Southern resident orca Tahlequah gives birth to new calf

A bittersweet addition for the southern resident orca as J35, Tahlequah, gives birth to a new calf, J57.

The orcas were spotted just off of the San Juan Islands this weekend, not far from their pod, Pacific Whale Watch Association said in a statement on Sunday.

The birth is a significant silver lining for the 22-year-old Southern Resident orca, who lost her previous calf  just two years prior. Tahlequah, the southern resident, made national and international headlines when she carried her dead calf for 17 days and more than 1,000 miles. 

RELATED: Southern resident orca that carried her dead calf for 17 days is pregnant again

Photo: Mother J35, center, surfaces with her day-old baby J57 off the San Juan Islands in Washington state Saturday, September 5, 2020. Photo credit: Sarah McCullagh/Pacific Whale Watch Association.

"As we were watching the greeting ceremony between J and L pods unfold Saturday, it felt like a special day on the water,” said Sarah McCullagh, a professionally trained captain and naturalist for San Juan Safaris of Friday Harbor.

“We first saw J35 and her son J47 off by themselves away from the main group, then as we watched we quickly realized that there was a very small fin tucked in next to them. We called the Center for Whale Research over to investigate and sure enough they confirmed that J35 had a new calf J57. I was obviously elated, so excited for J35 after the incredible loss she suffered a couple of years ago, but also for the Southern Resident community as a whole. I definitely cried," said McCullagh.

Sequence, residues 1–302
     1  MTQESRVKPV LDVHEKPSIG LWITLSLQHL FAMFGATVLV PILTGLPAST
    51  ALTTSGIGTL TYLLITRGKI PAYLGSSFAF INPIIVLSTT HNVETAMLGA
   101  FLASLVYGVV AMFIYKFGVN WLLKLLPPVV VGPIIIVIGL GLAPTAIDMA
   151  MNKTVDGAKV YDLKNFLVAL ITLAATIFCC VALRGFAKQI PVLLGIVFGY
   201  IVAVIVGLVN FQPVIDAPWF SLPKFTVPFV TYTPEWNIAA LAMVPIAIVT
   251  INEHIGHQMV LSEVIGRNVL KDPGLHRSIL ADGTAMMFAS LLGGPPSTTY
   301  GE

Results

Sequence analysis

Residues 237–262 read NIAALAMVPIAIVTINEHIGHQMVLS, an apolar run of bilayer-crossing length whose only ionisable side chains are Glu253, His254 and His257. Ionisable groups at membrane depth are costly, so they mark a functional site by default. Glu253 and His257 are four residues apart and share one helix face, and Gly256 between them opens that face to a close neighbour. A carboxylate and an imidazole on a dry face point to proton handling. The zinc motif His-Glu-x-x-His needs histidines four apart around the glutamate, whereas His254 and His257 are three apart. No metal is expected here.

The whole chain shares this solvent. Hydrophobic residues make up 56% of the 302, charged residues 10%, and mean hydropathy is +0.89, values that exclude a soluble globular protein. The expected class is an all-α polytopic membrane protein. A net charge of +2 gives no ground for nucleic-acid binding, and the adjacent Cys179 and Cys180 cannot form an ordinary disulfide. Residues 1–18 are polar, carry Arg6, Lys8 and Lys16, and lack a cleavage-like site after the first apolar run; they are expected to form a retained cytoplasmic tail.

Tahlequah was first spotted pregnant in July, as scientists discovered the news with drone aerial footage of the orca in Puget Sound.

RELATED: 'Yeah, there were tears': Crew that followed orca's 'tour of grief' still reeling

Center for Whale Research researchers confirmed the new Jpod gave birth this weekend, but remain concerned for the calf's wellbeing do to the decrease in Chinook salmon in the Salish Sea, a critical food source for the species to survive.

Successful births tend to be less common due to the overfishing and reduction in salmon habitat through the region over the decades, PWWA says.

PWWA says the killer whales have been finding critical food sources off the Swiftsure bank and Chinook salmon habitats to the north. Researchers also say robust and healthy looking whales tend to find more sustainable food sources in the outside areas of the Salish Sea. 

Officials ask those on the water to keep a safe distance from the orcas.